Chapter 16
A Community of Tennessee Writers, Readers & Passersby

How Appalachian I Am

Book excerpt: Appalachian Reckoning

The building is stone. In one end of it, there is a liquor store. Beyond it, there is a mining camp, with rows of houses built by a coal company for its workers and their families. The liquor store is labeled, in letters painted on glass, Mongiardos. A five-foot man stands behind the counter. His hair lies in waves across the top of his head. The man smiles. There is a camera around his neck. The facing edge of the liquor store’s metal shelves carry, in red and black letters, the prices of the bottles of liquor. The facing edge of the shelves are lined with photographs of people taken in the liquor store, or in front of it. There are hundreds of photographs, pictures of coal miners with dust on their faces; pictures of politicians, smiling, with their arm around the man with the wavy hair; pictures of shirtless men with tattoos on their chests; pictures of women in prom dresses; pictures of young men in tuxedoes with their hair parted in the middle. The pictures are printed on paper. They seem, for the most part, to have been shot on film. These rows of pictures on paper tell the story of a drinking people. They are the feathers of a great, drunken bird.

* * *

The river that runs through Kingsport, Tennessee, generally looks green. A chemical plant sprawls along the river’s bank for nearly a mile. The plant sports smokestacks by the dozen, sets of stacks spread across acres. There is endless duct work curving and turning along the walls of the buildings, and between them. There are sheets of gray and green plastic, stories high and embedded with chicken wire, that serve as windows. The buildings are brick. Their smokestacks plume. Belts hiss, gears churn, and machines hum inside them. There is a smell of high school science labs run amok that fills the plant and spreads to the city and countryside around the plant. The smell is vinegary and invasive. One’s eyes water at the smell, until one grows used to it.

The plant by the river made the chemicals used to make the film in the camera owned by the wavy-haired man peddling liquor. Thousands of coal miners and their families made it possible for the man with the wavy hair, and others, to make money selling liquor. Thousands of chemical workers made it possible for their picture to be taken. Every trip to Dollywood ever recorded on film, every wedding, every prom, every mug shot, every high school football game, every birthday party recorded in a photograph during the nearly hundred years when all photographs were recorded on film, was more than likely to have been enabled by a chemical made in that plant by the river in Kingsport, Tennessee.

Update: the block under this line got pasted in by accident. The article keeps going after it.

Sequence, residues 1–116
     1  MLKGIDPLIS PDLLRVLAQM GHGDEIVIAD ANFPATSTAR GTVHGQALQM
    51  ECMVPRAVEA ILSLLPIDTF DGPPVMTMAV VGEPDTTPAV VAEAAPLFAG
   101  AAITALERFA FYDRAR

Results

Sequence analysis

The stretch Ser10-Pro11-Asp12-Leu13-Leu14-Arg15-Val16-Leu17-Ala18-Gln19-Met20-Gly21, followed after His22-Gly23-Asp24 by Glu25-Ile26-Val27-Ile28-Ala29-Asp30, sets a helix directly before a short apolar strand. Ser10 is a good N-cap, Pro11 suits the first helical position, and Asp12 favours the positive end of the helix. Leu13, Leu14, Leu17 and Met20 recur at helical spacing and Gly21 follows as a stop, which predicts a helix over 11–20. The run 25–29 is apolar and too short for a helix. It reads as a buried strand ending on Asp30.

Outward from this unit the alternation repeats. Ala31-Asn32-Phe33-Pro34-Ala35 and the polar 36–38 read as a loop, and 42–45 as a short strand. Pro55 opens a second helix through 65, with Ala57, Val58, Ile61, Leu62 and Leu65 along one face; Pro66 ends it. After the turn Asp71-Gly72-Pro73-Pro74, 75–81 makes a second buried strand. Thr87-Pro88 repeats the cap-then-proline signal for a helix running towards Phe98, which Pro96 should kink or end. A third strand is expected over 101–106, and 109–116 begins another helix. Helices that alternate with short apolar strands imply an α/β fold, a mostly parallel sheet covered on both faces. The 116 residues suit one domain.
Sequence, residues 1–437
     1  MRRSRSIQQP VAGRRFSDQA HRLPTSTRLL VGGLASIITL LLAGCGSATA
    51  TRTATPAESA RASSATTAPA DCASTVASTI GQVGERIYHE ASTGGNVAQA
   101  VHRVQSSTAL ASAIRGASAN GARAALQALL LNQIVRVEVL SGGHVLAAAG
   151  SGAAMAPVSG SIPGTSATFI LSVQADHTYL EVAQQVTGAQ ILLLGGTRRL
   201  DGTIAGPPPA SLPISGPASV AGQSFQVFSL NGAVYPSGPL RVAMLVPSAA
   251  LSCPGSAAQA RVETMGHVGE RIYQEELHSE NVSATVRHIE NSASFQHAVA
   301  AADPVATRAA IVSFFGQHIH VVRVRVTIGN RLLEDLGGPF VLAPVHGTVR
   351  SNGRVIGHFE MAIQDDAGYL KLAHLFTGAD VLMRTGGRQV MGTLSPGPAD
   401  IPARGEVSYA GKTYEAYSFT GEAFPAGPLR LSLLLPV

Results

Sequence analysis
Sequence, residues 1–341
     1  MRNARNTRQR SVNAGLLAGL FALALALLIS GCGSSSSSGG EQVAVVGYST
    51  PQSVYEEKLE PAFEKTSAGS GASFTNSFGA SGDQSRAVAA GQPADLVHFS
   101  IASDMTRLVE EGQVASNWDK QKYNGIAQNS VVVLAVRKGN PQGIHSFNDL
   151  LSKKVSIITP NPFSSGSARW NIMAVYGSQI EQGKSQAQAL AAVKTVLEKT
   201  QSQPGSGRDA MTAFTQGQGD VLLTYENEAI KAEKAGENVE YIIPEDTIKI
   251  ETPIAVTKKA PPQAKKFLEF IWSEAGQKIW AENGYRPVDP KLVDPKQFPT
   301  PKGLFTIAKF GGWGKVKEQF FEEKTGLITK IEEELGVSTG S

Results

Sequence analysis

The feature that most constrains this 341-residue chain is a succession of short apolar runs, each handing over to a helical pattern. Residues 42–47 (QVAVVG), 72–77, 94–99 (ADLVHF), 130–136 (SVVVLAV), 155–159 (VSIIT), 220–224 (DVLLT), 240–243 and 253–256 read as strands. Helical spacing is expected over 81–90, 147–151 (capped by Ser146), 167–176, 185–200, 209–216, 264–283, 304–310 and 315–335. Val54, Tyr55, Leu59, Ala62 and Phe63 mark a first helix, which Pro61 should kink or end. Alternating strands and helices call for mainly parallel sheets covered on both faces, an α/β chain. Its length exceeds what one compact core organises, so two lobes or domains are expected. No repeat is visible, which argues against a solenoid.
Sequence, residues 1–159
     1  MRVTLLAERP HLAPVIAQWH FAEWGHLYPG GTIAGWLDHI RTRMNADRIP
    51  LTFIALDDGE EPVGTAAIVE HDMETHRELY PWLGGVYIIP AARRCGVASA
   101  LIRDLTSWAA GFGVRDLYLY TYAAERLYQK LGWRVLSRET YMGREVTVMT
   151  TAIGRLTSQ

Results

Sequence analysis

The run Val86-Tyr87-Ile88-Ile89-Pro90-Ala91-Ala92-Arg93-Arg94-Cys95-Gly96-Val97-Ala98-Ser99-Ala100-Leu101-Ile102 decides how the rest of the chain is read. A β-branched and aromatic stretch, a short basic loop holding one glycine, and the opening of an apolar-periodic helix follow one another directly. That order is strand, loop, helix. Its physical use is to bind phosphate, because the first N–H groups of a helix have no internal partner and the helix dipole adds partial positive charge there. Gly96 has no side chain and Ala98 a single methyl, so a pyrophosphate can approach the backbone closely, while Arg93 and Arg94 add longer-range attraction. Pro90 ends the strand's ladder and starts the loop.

The buildings in the chemical plant are numbered. The building numbered 190 once produced polyethylene and polypropylene pellets. Plastic pellets. Many of those pellets were sold to the company making film. But the machine operators in building 190 also produced plastic pellets for use by other firms. The pellets were shipped around the world, to factories where they were heated and molded into many things, including steering wheels and lawn mower parts, chain saw guards and tampon applicators.

The plastic was mixed in batches upstairs in building 190, in what were called Banbury mixers. Once mixed, the batches dropped into extruders which stretched the plastic into endless strands of brightly colored synthetic linguine. The extruders cooled the plastic pasta in long trays of water, and chopped it into pellets, which dropped into a box capable of holding a thousand pounds, or into larger metal hoppers. Boxes were sealed with metal straps and loaded onto a tractor trailer and taken to distribution, the part of the plant where product was shipped out. Hoppers were taken to the packing area, where they were set on a bagging machine that dispensed the pellets in fifty-pound increments into a double-thick paper bag. An operator set the bag to run through a sealer that glued the bag shut. The operator stacked the bags on a pallet, and the pallet was loaded on a trailer headed for distribution.

In the summers of 1983 and 1984, human beings operated the machines in 190. Human beings loaded the product. Human beings drove the forklifts. During the summers of 1983 and 1984, I was one of those human beings. I drove a forklift, sealed bags, strapped boxes, loaded product onto tractor trailers. Before I went to 190, the only paying work I had ever done was mowing yards. I mowed my family’s yard under duress from my father, and the rest of the yards on the street beside our house under duress from my mother. I went to work at the plant to earn more money, under less duress, and so the extruder operators and Banbury operators and shipping operators could take summer vacation.

One of the extruder operators was named Bear. Another was named Moon. They were both stout. They wore their coveralls open in the front. Bear wore safety glasses with clear frames surrounded by perforated plastic. Moon was bald, and had a salt and pepper beard. Bear’s beard was red. We were told to take brief but frequent breaks in a glassed-in room called the break shack next to the rods’ office. The rods are what we called the bosses. We would sit in the break shack and talk and smoke and rest. One summer, Bear and Moon helped me collect Planters peanut bar wrappers. If I saved fifty of them, I would be able to send off for a free Boomtown Rats album. Bear would fish wrappers out of the trash for me. I was very glad to be able to share my excitement about the Boomtown Rats with Bear and Moon.